Location: Lyngby   Map

Tel. 33 13 44 11

Open: Apr- Oct 10am- 5pm Tue- Sun


Description of Frilandsmuseet

Frilandsmuseet is an open air museum situated in the Lyngby on the northern outskirts of Danish capital of Copenhagen. Frilandsmuseet covers an area of over 40 hectares. Over 100 buildings from different social strata were brought here from various villages of Denmark and date back to the 17th century. The museum admission is free of charge. You can get here from Copenhagen using a number 184 or 194 bus from Nørreport Station or by S train to Sorgenfri station. Many volunteers including blacksmiths, bricklayers, carpenters and many others come to Frilandsmuseet and show traditional Danish crafts that were common in the rural area.



In 1896, the founder and leader of the Danish Folk Museum, Bernhard Olsen, purchased a farm from Halland and an attic shed from Småland, which was set up in a corner of Kongens Have. The plan to create a building museum on this site failed, so they started looking for a new site, and on June 24, 1901, the Open Air Museum was opened at its current address at Fuglevad Windmill.

Since then, a large number of buildings have been added.

Buildings from all over the country
The museum houses farm buildings from different parts of Denmark, the Faroe Islands and the former Danish parts of Skåne, Halland and South Schleswig (in addition to the Småland buildings, which were to illustrate different types of buildings that had disappeared). The buildings are decorated as when they were inhabited by farmers, country craftsmen or the people of the estate and show the Danes' daily life through history with alcoves, tools, clogs and ornaments. It gives a nuanced picture of the Danes' everyday life in the period 1650-1940. Animals of old Danish breeds graze in the fields: lambs, goats, geese, ducks, horses and cows.

Gardens and working workshops
The museum has 25 historic gardens with flowers, fruit trees and useful plants that show the customs and usage of different times.

In the classic farmhouse, the neat and the useful are combined. The garden's plants and flowers were used for dyeing, medicine or spice, and the garden was divided into several sections, each with its own function: orchard, cabbage farm, herb garden and firewood garden.
In the romantic farmhouse there were green gazebos of linden or beech, and the fruit trees stood in the lawn of the ornamental garden, while the beds were used for potatoes or vegetables instead of flowers.

The manor park originates from the clunky era with the love for the overloaded and foreign. The garden contains a park-like ornamental garden with exotic flowers and trees and a large kitchen garden with vegetables, flowers and fruit for both lords and servants.
The museum is recreating a station town from the childhood of industrialization, which shows a machine shop, a smithy and a station. Brugsen sells the goods of the time with everything from spirits, sewing accessories, toys, hardware and trinkets to groceries and coarser agricultural goods.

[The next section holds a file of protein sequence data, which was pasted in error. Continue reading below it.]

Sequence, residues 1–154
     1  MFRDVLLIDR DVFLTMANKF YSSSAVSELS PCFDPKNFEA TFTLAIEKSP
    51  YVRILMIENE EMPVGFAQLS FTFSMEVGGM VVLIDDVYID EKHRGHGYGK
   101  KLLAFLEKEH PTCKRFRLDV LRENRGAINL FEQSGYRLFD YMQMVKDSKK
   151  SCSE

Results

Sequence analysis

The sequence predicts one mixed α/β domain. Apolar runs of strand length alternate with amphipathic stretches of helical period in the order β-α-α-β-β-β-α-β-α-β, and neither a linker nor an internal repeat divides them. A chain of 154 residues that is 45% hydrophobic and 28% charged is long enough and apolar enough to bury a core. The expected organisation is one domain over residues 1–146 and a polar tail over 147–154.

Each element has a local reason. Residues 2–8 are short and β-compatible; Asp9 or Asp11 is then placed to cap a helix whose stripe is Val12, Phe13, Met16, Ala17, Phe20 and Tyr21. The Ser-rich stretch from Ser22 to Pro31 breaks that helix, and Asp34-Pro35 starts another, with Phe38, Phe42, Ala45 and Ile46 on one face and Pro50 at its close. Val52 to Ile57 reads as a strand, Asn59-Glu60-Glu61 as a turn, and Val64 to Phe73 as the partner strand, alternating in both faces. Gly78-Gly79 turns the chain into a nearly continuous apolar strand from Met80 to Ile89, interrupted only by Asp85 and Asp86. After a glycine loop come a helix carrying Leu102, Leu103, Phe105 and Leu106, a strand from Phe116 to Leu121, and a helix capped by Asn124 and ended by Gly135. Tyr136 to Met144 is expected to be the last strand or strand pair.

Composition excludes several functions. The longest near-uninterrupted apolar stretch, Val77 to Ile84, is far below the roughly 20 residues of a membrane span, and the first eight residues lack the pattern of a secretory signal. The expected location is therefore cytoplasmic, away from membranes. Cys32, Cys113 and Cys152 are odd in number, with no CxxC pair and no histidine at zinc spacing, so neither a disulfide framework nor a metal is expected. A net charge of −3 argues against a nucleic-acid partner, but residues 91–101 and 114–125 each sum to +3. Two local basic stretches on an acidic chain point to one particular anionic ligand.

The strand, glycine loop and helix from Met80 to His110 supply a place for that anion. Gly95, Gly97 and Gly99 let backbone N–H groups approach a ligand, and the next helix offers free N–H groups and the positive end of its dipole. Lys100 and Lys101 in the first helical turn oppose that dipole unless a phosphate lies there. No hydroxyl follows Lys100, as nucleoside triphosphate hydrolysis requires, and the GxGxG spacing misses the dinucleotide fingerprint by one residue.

During special periods, several of the houses are inhabited by employees who communicate via living history. This takes place primarily during the schools' summer holidays.



Among the museum's buildings are three wind turbines. An older mill is a stump mill from Karlstrup (Karlstrup Mill), built around 1662, renewed in 1763 and moved to the Open Air Museum in 1921. The mill has two "floors" and can be turned by one man, who pulls in the "back stairs". The stump mill can be seen from Kongevejen. The mill can run and it is possible to get into it on certain days.

A newer windmill is the Fuglevad windmill - a gallery Dutchman built on the site in 1832. The third is a small windmill in connection with a farm from Læsø.

The open-air museum also has several watermills: a submersible mill with half-timbering from Pedersker on Bornholm, a skvat mill from Sandø in the Faroe Islands and one from Småland and finally Møllergården from Ellested on Funen. The mills are cared for by Frilandsmuseets Møllerlaug.

During the season, there are, among other things, theater performances, garden trips, old games and sales from the use in the station town. In the summer and autumn of 2018, the new initiative "Frøsnapperfestival" was launched in the museum's station town, which for the occasion temporarily changed its name to "Frøsnapperbyen". It became such a huge audience success that it was repeated in the summer of 2019 and was complemented by another new festival called "Bonderøvsfestival". During the autumn holidays 2019, the museum also arranged a "Halloween festival" as a replacement for the previous autumn markets ".